This is the fourth in a series on the stories behind the shrines around Taraloka, and the people whose generosity, care and love have made Tara’s realm what it is.
I pay homage to all the shrines, and places in which the Bodhisattvas have been.
- Sevenfold Puja
Let’s begin with a story. Long ago in India, a monk called Nagarjuna was walking beside a deep lake. Now, this wasn’t just any old lake, for in its unfathomable depths was a kingdom of Nagas – magical serpents and guardians of great treasures. As Nagarjuna approached the edge of the lake, he could see something from the lake approaching him, rising out of the depths. And suddenly, there before him was the beautiful and strange princess of the Nagas, who had summoned him to give him a gift: secret wisdom teachings that the Buddha himself had stored there seven hundred years ago, until the world needed them. These mysterious teachings pointed to the nature of reality beyond all dualistic ways of thinking, and became known as the Prajñāpāramitā– the Perfection of Wisdom. So beloved were these teachings that over the years they began to take on the form of a woman – not a young woman, but a wise mother. Indeed, Prajñāpāramitā became known as the mother of all Awakened Ones.
The origins of Prajñāpāramitā may be read as mythology, but they point to an important truth – that wisdom can appear from our depths, sometimes in surprising ways.
A visitor to Taraloka would not be here long before she encounters the two-metre rupa (figure) of Prajñāpāramitā facing a sculpted mound of earth, with a pond just the other side. My favourite time to visit her is the morning, when her dew-covered form looks like it is made of clay. I find her challenging, otherworldly. Her plinth raises her high enough that I have to look up at her, whilst her gaze is inward, her hands perfectly balanced in the Dharmachakra mudra (turning the wheel of the Dharma). She conveys a softness and a wisdom that goes beyond my ordinary ways of thinking.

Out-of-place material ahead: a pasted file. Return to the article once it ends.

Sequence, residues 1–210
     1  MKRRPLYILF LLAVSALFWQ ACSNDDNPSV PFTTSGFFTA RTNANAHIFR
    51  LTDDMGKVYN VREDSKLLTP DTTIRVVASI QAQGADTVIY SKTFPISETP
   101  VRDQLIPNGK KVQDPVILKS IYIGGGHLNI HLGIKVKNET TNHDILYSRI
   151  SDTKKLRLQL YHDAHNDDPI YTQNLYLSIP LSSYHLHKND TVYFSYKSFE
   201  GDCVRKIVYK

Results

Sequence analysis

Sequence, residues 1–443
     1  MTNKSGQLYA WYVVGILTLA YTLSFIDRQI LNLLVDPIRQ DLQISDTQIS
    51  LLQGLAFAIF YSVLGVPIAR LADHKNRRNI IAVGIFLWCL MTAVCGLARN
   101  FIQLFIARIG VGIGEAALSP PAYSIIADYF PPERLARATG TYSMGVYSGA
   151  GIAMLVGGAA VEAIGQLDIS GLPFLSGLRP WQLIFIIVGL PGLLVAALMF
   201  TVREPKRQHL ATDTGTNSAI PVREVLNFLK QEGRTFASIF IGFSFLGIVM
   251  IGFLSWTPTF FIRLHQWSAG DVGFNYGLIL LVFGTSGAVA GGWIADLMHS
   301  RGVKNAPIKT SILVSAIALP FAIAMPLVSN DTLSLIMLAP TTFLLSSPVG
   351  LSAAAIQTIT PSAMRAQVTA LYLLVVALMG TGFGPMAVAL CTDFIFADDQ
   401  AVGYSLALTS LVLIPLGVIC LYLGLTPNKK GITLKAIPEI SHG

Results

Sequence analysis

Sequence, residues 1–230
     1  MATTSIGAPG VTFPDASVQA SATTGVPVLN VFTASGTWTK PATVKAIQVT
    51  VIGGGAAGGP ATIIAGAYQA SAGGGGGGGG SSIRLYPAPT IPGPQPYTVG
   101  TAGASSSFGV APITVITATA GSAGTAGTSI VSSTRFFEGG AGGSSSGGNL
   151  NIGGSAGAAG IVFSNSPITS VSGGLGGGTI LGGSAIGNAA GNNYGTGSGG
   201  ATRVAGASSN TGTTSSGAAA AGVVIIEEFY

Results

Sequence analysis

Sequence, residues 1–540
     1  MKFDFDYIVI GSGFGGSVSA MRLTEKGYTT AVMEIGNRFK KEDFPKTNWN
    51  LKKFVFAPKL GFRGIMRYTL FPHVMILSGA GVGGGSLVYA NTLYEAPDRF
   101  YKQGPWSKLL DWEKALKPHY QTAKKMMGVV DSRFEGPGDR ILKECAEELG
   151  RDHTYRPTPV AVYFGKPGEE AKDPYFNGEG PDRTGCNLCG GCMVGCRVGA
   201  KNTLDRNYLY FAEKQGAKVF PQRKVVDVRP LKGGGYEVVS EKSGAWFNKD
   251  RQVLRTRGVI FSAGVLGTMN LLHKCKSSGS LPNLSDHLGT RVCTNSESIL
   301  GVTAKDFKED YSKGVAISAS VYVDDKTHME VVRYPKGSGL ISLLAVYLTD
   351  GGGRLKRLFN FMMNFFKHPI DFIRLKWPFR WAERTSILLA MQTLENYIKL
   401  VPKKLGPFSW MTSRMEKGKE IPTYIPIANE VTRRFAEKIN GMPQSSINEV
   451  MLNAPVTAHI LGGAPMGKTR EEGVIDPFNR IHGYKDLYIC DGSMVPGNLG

This particular rupa of Prajñāpāramitā is made from a cast created by Buddhist artist Sagaravajra, based on a replica of a 13th – century Javanese figure. He began the sculpture on an arts retreat, when he was living at Rivendell retreat centre in Sussex. He had never sculpted before. “The whole process began with reaching into a bag of clay,” he recalls. Over the next four years, Prajñāpāramitā began to take shape, and by the end of his time at Rivendell Sagaravajra had made a silicone mould and a first cast out of cold cast bronze. The original clay model was buried – given back to the Earth.
In 1996, Sagaravajra began a four-and-a-half year retreat at Guhyaloka retreat centre in Spain, where he lived in a yurt perched on a scree slope under the holm oaks – a trip that was financed by the sale of the first cast. He cast a second Prajñāpāramitā, which lived in front of the yurt during his retreat: “Having made her outward form, I wanted to discover her inner character and essence.”
Towards the end of his time there, he had a breakdown and found himself unable to meditate, so he began work on a plinth for the rupa and a nimbus to go behind the figure. “At the time, it seemed an intuitive process; a sort of inner compulsion as well as therapy – grounding and doing something with my hands,” he says. “In retrospect, having created a form, I needed to create a place for her to be.” The sale of another cast gave Sagaravajra the resources to move back to the UK.
“The next step seemed daunting. I knew that I needed to create a sanctuary for the figure but this seemed implausible given I was in an extremely fragile state with no resources. The Buddhafield Festival of 2001 provided the exit point from Ghuyaloka. Its theme that year was ‘Secret Journeys to Sacred Places.’ I knew that I had to be there! I found out with only 9 days' notice and the rupa arrived by removal lorry onto a field at Shepton Mallet.”